“Up There” was the flip to this single, another live recording, this time taken from The Sinceros’ set at New York’s illustrious Palladium, down on East 14th Street, 13 December, 1979. Illustrious too was the ticket that evening: in addition to the Sinceros, the crowd was treated to sets by fellow power-pop greats Bruce Woolley and the Camera Club, The (American) Beat, and 20/20.
After a heavy round of touring the US and UK, including a stint opening for Hall and Oates just as that duo’s fortunes began to soar, the boys went back into the studio to record the follow-up to their debut, to be oxymoronically titled (what else?) 2nd Debut, with blues and pub-rocking bassist Paul Riley at the controls. The record--which sounds rather tepid and timid to these ears--was perhaps wisely rejected by Epic Records, who called in famed Elton John producer Gus Dudgeon to oversee a revision. Dudgeon, not surprisingly, worked up the tracks into a frothy pop delight.
Now re-titled Pet Rock (remember them?), the record’s first track was also the band’s best-ever song: “Disappearing” (released as a single) is a haunting and beautifully-sung (by Don) piece of production pop. Additional standouts are the Side Two opener “Falling In and Out of Love” (covered by Tracey Ullman, who certainly knows a winning sugar-sweet pop tune when she hears one), and Ron’s “As The World Turns” (featuring a typically magnificent guitar solo by ex-Record Huw Gower).
If anything, the sparklingly-produced and superbly-written Pet Rock was superior to The Sound of Sunbathing, abandoning any and all traces of new wave quirkiness, and placing in their stead a straight-ahead full-bodied pop-rock sound.
Pet Rock and “Disappearing” should have been smashes, but shockingly, neither the album nor the single hit the charts, and The Sinceros, having not achieved the success their radio-ready pop so richly deserved, parted company in 1982.
Since The Sinceros, Bobbi Irwin has enjoyed a long and successful career drumming with Nick Lowe, and sessioning for many others, including Lowe’s co-Rockpiler Dave Edmunds, Bryan Ferry and Van Morrison.
After releasing a Roy Carter-produced solo single (“If You Love Me”/”I Like It”) on CBS in 1982, Ron François briefly hooked up with Julian Cope and The Teardrop Explodes before relocating to Australia, where he achieved chart success with The Eurogliders, and revived one of his rejected tracks from The Sinceros’ 2nd Debut under the short-lived moniker Panic Poets, the winsome “Come Out And Play” (re-titled “Let’s Go”). Now going by Roni François, he runs a recording studio in Point Clare, NSW, Australia. His website may be found at ronifrancois.com.
Don Snow has had no trouble keeping busy. Even while a Sincero he worked with Fingerprintz on their superb Beat Noir LP of 1981. His joining Squeeze shortly thereafter was a potentially wonderful development, but the timing was all wrong: that band’s next album, Sweets From A Stranger, was far and away their weakest effort to that time, and precipitated their (temporary, it turned out) break-up. Unfazed, Don, over the years, has been an in-demand sessioner, working with the likes of Roger Daltrey, Judie Tzuke, Tina Turner, Joe Cocker, Tom Jones, and many many others. He even found time to score a continental hit of his own with “25 Years” a slab of 80s-styled funk recorded under the band name The
Catch. Don released two albums as The Catch (1984’s Balance On Wires, and 1986’s Walk The Water), after which he reverted to his own name for a 1989 single “Ordinary Girl”, released on Polydor. He has since taken the name Jonn Savannah, and, in addition to the ongoing demand for his session work, has self-released a series of new age records. Having now set up shop in south Jersey (that’s New Jersey to you!), his website is at jonnsavannah.com.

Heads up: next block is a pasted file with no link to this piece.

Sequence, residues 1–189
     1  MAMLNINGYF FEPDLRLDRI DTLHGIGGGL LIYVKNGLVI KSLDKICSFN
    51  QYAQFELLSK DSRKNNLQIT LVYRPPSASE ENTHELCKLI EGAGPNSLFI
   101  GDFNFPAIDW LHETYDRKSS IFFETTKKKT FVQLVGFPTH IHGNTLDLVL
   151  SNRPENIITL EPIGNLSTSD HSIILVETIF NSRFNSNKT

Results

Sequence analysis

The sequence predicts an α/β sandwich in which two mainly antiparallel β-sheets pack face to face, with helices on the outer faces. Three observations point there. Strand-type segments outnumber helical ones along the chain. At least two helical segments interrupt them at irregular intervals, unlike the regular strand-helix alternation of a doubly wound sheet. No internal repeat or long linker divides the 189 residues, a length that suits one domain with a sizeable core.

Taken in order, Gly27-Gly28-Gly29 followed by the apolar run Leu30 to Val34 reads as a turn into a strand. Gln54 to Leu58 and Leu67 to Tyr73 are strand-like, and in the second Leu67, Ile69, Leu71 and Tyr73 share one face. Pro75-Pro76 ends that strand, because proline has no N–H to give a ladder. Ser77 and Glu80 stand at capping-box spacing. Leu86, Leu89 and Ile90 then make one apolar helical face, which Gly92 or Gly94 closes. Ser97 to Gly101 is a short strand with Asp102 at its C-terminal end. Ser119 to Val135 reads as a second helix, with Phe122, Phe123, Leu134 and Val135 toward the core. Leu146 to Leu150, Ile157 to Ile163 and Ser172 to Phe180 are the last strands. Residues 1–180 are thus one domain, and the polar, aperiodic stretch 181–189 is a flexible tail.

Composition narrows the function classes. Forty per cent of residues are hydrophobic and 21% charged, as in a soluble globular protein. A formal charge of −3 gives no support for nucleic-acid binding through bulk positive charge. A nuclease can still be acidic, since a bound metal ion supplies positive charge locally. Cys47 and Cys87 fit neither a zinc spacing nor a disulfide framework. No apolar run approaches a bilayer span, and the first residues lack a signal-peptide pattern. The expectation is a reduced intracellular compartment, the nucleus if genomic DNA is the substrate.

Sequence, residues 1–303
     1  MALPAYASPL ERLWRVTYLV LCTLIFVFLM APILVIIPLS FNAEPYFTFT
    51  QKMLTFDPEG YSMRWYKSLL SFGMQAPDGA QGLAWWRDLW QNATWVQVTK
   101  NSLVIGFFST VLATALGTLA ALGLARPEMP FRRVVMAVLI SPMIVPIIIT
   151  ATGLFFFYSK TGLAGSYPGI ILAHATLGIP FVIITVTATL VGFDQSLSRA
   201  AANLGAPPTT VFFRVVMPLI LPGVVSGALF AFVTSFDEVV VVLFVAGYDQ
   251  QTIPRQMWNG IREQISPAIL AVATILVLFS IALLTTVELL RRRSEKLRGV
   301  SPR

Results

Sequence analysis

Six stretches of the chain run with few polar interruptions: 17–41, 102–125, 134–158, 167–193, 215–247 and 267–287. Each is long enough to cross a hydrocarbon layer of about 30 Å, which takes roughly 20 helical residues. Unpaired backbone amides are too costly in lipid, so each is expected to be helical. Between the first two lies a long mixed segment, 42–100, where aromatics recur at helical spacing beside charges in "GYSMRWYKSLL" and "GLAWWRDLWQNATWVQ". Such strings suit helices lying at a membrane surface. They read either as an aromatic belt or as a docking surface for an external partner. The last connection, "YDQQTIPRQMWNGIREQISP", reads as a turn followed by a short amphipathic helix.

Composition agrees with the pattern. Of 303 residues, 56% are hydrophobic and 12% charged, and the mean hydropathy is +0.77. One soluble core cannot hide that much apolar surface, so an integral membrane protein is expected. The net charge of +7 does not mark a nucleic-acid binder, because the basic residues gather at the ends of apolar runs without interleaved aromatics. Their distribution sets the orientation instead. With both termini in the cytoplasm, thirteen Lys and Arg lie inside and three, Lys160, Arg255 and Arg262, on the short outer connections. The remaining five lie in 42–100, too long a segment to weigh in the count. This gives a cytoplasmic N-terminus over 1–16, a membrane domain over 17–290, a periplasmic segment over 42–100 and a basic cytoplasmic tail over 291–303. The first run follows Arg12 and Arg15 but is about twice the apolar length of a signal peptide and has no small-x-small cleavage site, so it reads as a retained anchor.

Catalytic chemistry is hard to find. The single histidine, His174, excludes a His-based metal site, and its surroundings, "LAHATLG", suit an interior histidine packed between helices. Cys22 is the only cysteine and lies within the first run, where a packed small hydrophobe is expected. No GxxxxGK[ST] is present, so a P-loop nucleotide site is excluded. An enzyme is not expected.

Of the four Sinceros, it is sadly--rather, tragically--ironic that main songwriter and prime mover Mark Kjeldsen was the only member to never enjoy any genuine chart success. After a brief stint with Danny Adler in 1983, Mark quit the music industry, becoming a social worker for the London Streetwise Outreach Project. For this organization he penned a very thoughtful and carefully researched report on the troubled lives of homeless boys in London, documenting their patterns of drug use and street hustling, and the high risk of their contracting HIV. Shortly thereafter, Mark worked for his Danish-born father’s vegetable oils business, also in London.
Mark himself was to die of AIDS in 1992, only a few short years before drug therapies were made available that might countervail many of the most devastating infections brought on by the disease.
Jonn Savannah remembers:
'Strange I know, but I know very little about Mark. Though we all spent a good deal of time touring he was a very private person. I didn't even know he was gay until after the band split. The main thing I remember was his desire to play music. There was a lot of disagreement personally within the band (as ever!) and he would always say, "Come on guys...let's just play". He was a very aware, sensitive and intelligent guy, with an acid wit and a lust for life. Apart from that I know very little--I never hung out with him apart from when we were on tour. His dislike of corporate rock bands was never hidden--I don't think he was ever particularly driven by the lure of money and saw straight through people who were.
'Mark was very into The Sinceros and thought we were the best bunch of musicians to put forward his musical ideas. The four-way pull from all the band members constantly stretched us and did provide some angst, but Mark knew we were a good team. When the band eventually split I heard that he said, "if I couldn't be successful with the Sinceros I'm unlikely to be successful with anyone else."'
Although Mark was to never truly enjoy the fruits of his prodigious talents, he has, at least and at last, left a precious gift that we, his fans, can enjoy over and over again as we listen to his too-brief catalogue of unassumingly wonderful songs, as we sing them in our heads, and as we share them with our friends and loved ones.
As a fan of The Sinceros--and especially Mark--since I first heard them back on the late, great, WPIX in New York, 1979, it is a pleasure, a thrill, and indeed an honor to have been asked to write the liner note for this, the band’s first-ever digital release.
It is to Mark’s memory that this CD is dedicated.
Thanks to Jonn Savannah, Erik Kjeldsen, Huw Gower, and Will Birch.